More had top billing in "Bismarck" just like he had in "A Night To Remember". It's been a long time since I saw the film and I don't know if his character was real or not but they have him in charge of the operation to find and sink the battleship (based from a war room in London).
Two other important cast members of "A Night To Remember" are also in "Sink The Bismarck." Laurence Naismith, who played Captain Smith, and Michael Goodliffe who played Thomas Andrews are also in the film. (More and Naismith are also in the 1970 musical "Scrooge")
Who as I recall was based somewhat upon a real-life figure in the Bismarck hunt but somewhat embellished...kind of like the ANTR Lights. Go figure! Though ops really weren't conducted from a base in London but aboard the chase ships: Suffolk, Hood, Prince of Wales, etc. The More character was more there to have the requisite romantic contrivance with the female officer (rather more impossible aboard WWII ships) than born of any historical accuracy.
Since I posted last to this thread, I have had the opportunity to see the film again. There is a disclaimer at the end of the film stating that More's character is not meant to resemble in any way the real life officer in charge of the operation to find and sink the Bismarck. Got to give them credit for that!
Non-British film fans may not be aware that ANTR is one of a whole horde of similar British movies made up to about 1960.
They feature the same set of actors, are made in black and white and on small budgets. They are loosely based on historical events, often military, but simplify them by amalgamating characters, deleting events and keeping the dialogue very snappy. Many feature music by major composers, including Sir William Walton, Ralph Vaughan Williams and Malcolm Arnold. The orchestra is often the London Sinfonia, conducted by Muir Mattheson. Some of the music survives in the concert hall.
They feature a lot of stiff upper lips and toffy accents. Regional accents are only heard from the lower ranks. Sometimes this produces funny results. Sylvia Lightoller was an Australia, but she was not played as one. The officers on Titanic lost their accents too, especially Lightoller.
I could probably name 20 of these films if I thought a bit, but here are a few.
Above us the Waves
Sink The Bismarck
The Battle of the River Plate
The Wooden Horse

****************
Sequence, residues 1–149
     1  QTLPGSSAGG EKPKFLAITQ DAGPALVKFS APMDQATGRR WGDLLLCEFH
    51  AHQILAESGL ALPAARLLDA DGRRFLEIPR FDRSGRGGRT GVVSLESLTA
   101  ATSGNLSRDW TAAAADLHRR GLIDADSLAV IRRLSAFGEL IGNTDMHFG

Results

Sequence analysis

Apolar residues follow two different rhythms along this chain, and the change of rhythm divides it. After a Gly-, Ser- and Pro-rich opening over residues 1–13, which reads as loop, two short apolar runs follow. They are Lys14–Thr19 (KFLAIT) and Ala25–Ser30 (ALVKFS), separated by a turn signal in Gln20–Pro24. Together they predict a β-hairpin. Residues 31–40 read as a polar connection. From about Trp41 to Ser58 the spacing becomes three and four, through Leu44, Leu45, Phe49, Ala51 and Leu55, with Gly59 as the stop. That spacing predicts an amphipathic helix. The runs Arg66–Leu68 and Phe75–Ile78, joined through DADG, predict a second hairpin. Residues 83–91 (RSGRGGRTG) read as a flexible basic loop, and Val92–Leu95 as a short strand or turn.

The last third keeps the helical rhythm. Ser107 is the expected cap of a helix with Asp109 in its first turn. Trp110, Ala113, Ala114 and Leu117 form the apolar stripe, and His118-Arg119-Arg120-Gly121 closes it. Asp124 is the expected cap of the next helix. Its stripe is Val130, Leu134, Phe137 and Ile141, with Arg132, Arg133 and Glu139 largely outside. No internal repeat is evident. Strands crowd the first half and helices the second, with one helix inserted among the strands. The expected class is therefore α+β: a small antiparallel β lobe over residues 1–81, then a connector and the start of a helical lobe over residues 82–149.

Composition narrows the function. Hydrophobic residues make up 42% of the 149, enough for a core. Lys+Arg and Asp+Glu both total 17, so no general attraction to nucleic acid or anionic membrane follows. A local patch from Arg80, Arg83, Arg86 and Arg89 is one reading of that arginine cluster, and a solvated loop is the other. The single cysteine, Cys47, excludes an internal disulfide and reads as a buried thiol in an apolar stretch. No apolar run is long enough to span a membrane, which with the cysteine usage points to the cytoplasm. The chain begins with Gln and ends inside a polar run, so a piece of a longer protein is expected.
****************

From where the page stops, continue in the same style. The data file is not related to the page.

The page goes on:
Scott of the Antarctic
The First of the Few
All should not be taken as history. I saw one of the better ones recently, namely Morning Departure. That is fictional but it's very effective. Like the rest, its fairly short, as in those days it was common for two films to be shown at each sitting, often with a newsreel thrown in.
Many of these films have little or no romance. In The Dambusters we see only the wife of Barnes Wallis and a few women working in the operations room.
By an unfortunate coincidence 'Morning Departure' (the story of a submarine disaster) was a fiction that came very close to reality with the loss of the submarine HMS Truculent soon after filming was completed. After some consideration, the film was released with a foreward "as a sincere tribute to brave men and as an expression of pride in the Royal Navy".
Dave, I think it's possible that officers with all sorts of regional and/or lower class accents in everyday life did use the standard 'stiff upper lip' mode of speech when on duty. I have an ancient recording of my father sounding exactly like John Mills, Ken More et al during his army service in WW2, and to the end of his days he used that same mode of speech when talking to strangers on the 'phone. But at all other times his speech was perfectly 'normal' (whatever that means!)
Interesting observations - and some of our favourite old movies too. I grew up on all those films, even if I can't remember some of the individual films - unfortunately, this includes Morning Departure.
Dave, to your list I would add Reach for the Sky as it would seem to meet all of the criteria you've mentioned. However, the 'real' reason I thought of it was the Kenneth More connection. The ABC has a series of Kenneth More films it rotates through the screening schedule at about a rate of one a month. It was Genevieve yesterday (not that Genevieve fits into that list), and I can't quite remember if it's RFTS or ANTR's 'turn' coming up in April...
Good old Aunty. I'm sure they broadcast Sink the Bismarck! fairly recently as I remember catching the tail end of a film with more stiff upper lipping from Kenneth More in naval get up. The Battle of the River Plate with Peter Finch was definitely on only a month or so ago. Just about time for The Wooden Horse again, isn't it. Ah, the joys of late night telly.
Fiona, you just missed Morning Departure. It was on during the day about a fortnight ago. Reach For The Sky is certainly one of the lineup. The ABC seems to be showing a number of these films on Saturday, hence Genevieve. Before that, they showed Very Important Person, which is a sort of English predecessor of Hogan's Heroes.
Interesting thought by Bob. I wonder how widespread such a practice was. Certainly a toffy accent helped in some circles. I remember the days when Australian radio announcers on the ABC took pains to sound like the BBC. They were still doing this after the BBC became more relaxed and admitted the fruity voice of John Arlott to the airwaves.
To the list of similar British movies I would add;
"The Gift Horse" about HMS Campbeltown.
"The Sea Shell Not Have Them" about RAF air sea rescue.
"In Which We Serve" Fictionalized account of Lord Mountbatton and HMS Kelly.
"Battle Hell" Magnificent film about HMS Amethyst and the Yangtze Incident.
"The Cruel Sea" One of my favorites, about a Flower Class Corvette during the Battle Of The Atlantic.
Interestingly, The writer on "The Cruel Sea" was Eric Ambler, who was writer on "A Night To Remember"